According to the Times, the DOJ’s fraud section open an investigation “late last year” to determine whether Blackwater employees violated the FCPA. The investigation follows a November 2009 times article (here) which first raised questions about Blackwater’s (now known as Xe Services) conduct in Iraq. That article suggested that the alleged payments at issue were made to Iraqi “foreign officials” to help secure an operating license the company needed to continue doing business in Iraq.

As noted in a prior post (here), this case is interesting on several levels.

First, the case (from an FCPA antibribery perspective) would seem to hinge on the FCPA’s “obtain or retain” business element, and is another example of the post-Kay explosion in enforcement actions in which alleged improper payments were made to help secure foreign government licenses, permits, etc. An interesting wrinkle to this analysis is that the Iraqi license was apparently needed so that Blackwater could retain its contract with the U.S. State Department – not with a foreign entity as is usually the case.

Second, rarely if perhaps ever, has an FCPA inquiry focused on the conduct of a company so intertwined with U.S. government agencies (State Department and CIA) operating in a war zone.

A Double Standard? Part II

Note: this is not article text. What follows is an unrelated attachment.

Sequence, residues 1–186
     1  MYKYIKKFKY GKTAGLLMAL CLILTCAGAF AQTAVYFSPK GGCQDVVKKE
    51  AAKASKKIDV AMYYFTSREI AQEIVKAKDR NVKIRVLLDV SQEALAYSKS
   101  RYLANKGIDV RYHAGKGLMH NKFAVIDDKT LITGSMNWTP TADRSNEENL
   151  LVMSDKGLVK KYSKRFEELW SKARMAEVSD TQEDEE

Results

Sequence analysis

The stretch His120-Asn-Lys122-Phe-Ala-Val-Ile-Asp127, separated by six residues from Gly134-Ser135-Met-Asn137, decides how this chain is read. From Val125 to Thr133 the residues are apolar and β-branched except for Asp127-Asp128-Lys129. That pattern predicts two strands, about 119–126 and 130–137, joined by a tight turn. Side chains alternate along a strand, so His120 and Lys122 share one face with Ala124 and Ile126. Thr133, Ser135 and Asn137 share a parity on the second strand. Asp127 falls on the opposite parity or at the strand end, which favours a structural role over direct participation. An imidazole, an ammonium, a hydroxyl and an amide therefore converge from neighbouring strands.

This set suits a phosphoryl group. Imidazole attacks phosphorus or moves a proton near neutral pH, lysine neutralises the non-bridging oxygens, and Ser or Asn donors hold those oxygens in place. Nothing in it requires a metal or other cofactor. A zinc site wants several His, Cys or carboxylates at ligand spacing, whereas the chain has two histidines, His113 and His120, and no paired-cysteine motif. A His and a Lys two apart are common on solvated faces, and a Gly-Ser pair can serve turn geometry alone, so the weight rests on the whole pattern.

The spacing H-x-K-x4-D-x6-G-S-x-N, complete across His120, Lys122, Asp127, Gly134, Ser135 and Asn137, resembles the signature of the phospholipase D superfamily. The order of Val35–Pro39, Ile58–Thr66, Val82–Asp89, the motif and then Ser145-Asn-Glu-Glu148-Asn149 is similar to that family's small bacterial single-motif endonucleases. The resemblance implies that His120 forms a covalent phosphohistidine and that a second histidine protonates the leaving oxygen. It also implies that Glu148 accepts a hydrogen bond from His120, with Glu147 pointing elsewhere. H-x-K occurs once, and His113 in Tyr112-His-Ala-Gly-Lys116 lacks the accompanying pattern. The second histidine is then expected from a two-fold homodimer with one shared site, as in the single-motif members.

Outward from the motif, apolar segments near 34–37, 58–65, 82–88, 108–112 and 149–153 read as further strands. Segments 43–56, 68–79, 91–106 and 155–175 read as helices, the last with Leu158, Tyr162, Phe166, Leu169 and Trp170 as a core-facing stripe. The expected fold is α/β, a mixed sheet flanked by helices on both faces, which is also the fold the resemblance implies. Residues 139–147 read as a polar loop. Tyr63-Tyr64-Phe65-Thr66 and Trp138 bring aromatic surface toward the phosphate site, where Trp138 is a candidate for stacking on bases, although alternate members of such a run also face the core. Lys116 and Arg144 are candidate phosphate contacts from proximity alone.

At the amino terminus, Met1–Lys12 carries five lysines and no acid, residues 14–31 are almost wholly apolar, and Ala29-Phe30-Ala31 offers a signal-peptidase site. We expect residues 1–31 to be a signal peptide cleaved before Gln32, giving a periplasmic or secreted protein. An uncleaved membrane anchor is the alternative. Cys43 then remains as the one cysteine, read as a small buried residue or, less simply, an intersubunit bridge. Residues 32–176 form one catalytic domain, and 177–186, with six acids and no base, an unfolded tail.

A government official has over $7,000 of expenses paid for by an organization hoping to establish a personal connection with the official and seeking access to the official to educate him on a multibillion dollar program favored by the organization.

The same organization spends over $20,000 for baggage-handling tips, alcohol, snacks, refreshments, and other “trip supplies” for another government official.

Sounds like the organization has some FCPA issues, right?

Wrong.

Why?

Because the government officials involved are not “foreign officials,” but rather U.S. government officials and the organization is the U.S. military. (See here for the recent story from the Wall Street Journal).

According to the article, members of Congress are not required to be disclose such expenses and the information is from military expense records obtained through a Freedom of Information Act request.

While not a perfect parallel to an FCPA enforcement action, the above, as well as “A Double Standard Part I” (see here) raise the question of whether there is a double standard.

Will a U.S. company’s interaction with a “foreign official” be subject to more scrutiny and different standards than its interaction with a U.S. official?